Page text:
Best non-winning driver: An honor claimed easily by Kyle Larson, who recorded finishes of fifth, second, sixth, fourth and second while finishing runner-up in WWS miniseries points, 27 markers behind Jonathan Davenport and nine points better than two-time winner Bobby Pierce. The 2021 NASCAR Cup Series champion from Elk Grove, Calif., was in the mix every night, even when he had to rally from 20th.

Best feature: Without a doubt it was the Jan. 15 finally that left fans in the stands clamoring and social media buzzing. The $25,000-to-win, 50-lapper won by Oakwood, Ill., driver Bobby Pierce featured six lead changes among Jonathan Davenport, Mike Marlar and Pierce. Davenport led 15 laps and Marlar led nine, while Pierce led four times for a total of 26 laps. Afterwards, runner-up Kyle Larson said it “was the most fun Late Model race I’ve ever been a part of.”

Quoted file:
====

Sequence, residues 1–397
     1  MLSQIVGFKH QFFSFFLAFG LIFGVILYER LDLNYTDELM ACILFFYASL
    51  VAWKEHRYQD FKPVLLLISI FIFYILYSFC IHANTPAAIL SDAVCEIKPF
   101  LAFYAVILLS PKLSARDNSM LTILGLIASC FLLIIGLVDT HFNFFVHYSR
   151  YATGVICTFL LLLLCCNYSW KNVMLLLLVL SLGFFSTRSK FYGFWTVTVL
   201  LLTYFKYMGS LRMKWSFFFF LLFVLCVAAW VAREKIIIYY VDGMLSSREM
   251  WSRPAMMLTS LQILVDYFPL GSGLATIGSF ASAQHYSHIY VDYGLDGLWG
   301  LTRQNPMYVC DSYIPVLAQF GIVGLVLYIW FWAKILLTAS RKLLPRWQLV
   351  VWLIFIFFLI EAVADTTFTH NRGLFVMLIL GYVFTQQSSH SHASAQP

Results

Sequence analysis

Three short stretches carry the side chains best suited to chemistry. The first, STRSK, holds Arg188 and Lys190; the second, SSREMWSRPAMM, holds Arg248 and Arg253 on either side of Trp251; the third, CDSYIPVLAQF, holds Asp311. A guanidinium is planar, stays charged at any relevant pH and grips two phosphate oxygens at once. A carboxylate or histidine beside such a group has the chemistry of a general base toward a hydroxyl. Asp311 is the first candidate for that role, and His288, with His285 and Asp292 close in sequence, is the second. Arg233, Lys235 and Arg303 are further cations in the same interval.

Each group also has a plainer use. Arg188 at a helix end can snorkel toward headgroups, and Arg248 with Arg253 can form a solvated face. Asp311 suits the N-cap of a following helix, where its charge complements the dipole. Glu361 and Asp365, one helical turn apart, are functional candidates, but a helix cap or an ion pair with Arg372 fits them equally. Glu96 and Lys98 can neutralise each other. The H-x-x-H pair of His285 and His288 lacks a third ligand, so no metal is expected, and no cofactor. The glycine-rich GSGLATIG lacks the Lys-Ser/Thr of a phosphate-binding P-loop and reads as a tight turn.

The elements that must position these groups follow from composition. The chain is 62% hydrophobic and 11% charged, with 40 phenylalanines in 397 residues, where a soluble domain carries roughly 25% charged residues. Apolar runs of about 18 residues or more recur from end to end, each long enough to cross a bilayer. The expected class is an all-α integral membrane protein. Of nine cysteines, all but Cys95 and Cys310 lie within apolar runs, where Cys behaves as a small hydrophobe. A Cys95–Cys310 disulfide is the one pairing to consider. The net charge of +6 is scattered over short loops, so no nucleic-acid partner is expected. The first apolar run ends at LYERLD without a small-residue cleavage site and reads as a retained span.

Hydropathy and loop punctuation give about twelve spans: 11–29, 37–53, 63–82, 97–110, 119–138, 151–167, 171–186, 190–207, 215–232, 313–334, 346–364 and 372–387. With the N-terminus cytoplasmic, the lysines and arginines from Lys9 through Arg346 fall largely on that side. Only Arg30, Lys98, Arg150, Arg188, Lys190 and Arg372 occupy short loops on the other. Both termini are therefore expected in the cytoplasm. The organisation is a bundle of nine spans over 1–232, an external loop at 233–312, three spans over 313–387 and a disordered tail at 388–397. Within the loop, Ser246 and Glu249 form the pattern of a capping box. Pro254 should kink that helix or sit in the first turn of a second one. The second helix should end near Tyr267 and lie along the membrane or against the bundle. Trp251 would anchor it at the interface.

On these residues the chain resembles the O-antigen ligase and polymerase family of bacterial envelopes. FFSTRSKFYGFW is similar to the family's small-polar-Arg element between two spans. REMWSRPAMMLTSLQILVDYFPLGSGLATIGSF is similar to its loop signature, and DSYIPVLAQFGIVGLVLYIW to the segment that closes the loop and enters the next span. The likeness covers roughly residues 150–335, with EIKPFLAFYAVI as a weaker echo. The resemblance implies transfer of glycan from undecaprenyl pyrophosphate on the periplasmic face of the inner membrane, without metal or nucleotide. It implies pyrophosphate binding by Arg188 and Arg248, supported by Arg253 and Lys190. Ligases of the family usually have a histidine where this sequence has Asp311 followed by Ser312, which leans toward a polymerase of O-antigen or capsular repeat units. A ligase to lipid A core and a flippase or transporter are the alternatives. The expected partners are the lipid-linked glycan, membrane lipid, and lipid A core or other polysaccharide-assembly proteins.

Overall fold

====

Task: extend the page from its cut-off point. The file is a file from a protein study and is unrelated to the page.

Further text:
Closest finish: Four of the six races were won by 1 second or less, but none were closer than the Jan. 14 event won by Winfield, Tenn.’s Mike Marlar, who finished 0.603 of a second ahead of Kyle Larson. Finishing margins on Jan. 11 (Jonathan Davenport by 0.671 over Bobby Pierce) and on Jan. 13 (Pierce by 0.950 over Davenport) were both less than a second as well.


VIDEO: Watch highlights from the Wild West Shootout feature on Saturday, January 14.